The Astros in the World Series

Urquidy strikes at Braves, helps Astros tie Series 1-1

Looking calm and poised a night after overamped rotation-mate Framber Valdez was chased early, José Urquidy gave the Astros’ bats a chance to break out.


Houston Astros starting pitcher Jose Urquidy throws during the first inning in Game 2 of baseball’s World Series between the Houston Astros and the Atlanta Braves Wednesday, Oct. 27, 2021, in Houston.

José Urquidy started Eddie Rosario with strikes. Five of them in a row.

Looking calm and poised a night after overamped rotation-mate Framber Valdez was chased early, Urquidy’s control gave the Astros’ bats a chance to break out, and Houston rode a four-run second inning to a 7-2 win over Atlanta on Wednesday night that tied the World Series at one game apiece.

A 26-year-old right-hander from Mazatlan, Urquidy became the first Mexican pitcher to make three World Series starts. He was looking to rebound from his Game 3 loss at Boston in the AL Championship Series, when he got just five outs in a 12-3 defeat.

"My last outing was for sure bad," he said through a translator Tuesday, "but there's good days and bad days."

This was a very good day.

Urquidy started 15 of 21 batters with strikes in improving his career Series record to 2-0. He allowed two runs and six hits in five innings with seven strikeouts, throwing 55 of 74 pitches for strikes.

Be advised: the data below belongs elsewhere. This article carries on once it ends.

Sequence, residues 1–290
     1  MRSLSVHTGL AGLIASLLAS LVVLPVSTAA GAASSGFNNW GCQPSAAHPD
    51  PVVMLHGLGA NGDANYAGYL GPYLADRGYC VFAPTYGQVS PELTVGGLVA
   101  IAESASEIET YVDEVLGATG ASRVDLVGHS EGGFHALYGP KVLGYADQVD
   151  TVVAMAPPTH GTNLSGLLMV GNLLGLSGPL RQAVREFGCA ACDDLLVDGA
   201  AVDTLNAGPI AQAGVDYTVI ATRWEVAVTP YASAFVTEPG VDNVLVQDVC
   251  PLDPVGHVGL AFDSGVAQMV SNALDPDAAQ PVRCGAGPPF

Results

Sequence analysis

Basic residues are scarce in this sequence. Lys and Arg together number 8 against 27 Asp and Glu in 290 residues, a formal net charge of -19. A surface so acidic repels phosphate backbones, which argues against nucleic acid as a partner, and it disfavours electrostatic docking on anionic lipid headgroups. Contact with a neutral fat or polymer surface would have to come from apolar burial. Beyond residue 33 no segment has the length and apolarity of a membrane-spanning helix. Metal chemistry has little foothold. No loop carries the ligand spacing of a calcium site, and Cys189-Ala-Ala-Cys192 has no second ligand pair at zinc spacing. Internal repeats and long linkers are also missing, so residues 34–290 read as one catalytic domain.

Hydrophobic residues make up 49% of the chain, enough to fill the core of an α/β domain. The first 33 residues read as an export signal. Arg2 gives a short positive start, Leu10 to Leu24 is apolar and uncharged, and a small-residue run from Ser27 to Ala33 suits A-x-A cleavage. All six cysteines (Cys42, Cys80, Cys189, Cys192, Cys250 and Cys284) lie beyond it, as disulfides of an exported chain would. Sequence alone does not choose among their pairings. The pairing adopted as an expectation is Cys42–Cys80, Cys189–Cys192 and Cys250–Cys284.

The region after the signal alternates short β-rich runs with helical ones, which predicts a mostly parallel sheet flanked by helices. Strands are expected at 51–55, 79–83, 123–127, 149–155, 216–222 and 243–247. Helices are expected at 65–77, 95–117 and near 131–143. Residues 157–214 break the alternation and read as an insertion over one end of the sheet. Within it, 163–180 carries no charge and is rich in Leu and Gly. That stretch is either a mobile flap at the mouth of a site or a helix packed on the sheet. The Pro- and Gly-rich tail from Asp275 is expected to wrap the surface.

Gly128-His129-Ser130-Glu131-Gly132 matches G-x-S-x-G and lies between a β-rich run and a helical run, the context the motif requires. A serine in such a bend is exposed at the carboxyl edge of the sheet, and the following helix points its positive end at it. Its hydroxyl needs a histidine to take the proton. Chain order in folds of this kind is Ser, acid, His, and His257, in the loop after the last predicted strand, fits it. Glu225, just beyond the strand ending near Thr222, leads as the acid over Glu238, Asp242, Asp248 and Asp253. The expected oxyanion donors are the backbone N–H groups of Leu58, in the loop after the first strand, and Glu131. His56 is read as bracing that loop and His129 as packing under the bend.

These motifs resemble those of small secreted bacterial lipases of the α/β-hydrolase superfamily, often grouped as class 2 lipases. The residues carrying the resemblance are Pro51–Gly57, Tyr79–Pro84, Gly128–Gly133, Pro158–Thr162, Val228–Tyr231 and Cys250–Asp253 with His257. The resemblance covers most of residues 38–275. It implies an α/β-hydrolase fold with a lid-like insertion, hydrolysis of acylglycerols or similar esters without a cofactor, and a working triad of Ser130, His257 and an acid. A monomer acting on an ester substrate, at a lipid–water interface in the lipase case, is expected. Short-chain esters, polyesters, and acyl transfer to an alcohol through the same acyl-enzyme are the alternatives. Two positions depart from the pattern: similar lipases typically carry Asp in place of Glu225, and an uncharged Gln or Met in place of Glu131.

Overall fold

He mixed 38 fastballs, 16 changeups (getting five swings and misses), 12 sliders and eight curveballs, keeping the Braves off-balance other than Travis d’Arnaud’s tying home run in the second inning and Freddie Freeman’s two-out RBI single in the fifth.

"I was very focused and throwing strikes and be attacking the hitters all the time, be in the strike zone,” he said.

A night earlier, Valdez threw just 11 of 21 pitches for strikes in the first inning, and the Braves burst to a 2-0 lead and never trailed. Valdez overthrew, and while his velocity was up, so were his pitches.

Urquidy recalled this week feeling nervous at the start of his Series debut, when he pitched five shutout innings of two-hit ball in a Game 4 win at Washington two years ago. He returned to face the Nationals’ final three batters of Houston’s Game 7 loss.

He’s the first Mexican-born pitcher with multiple World Series wins.

"I love it,” he said. “I love that feeling."

By now, he’s used to the Series pressure.

"I know that it's a big job that I have," he said,” but I'm more excited and have left the nerves to the side a little bit.”

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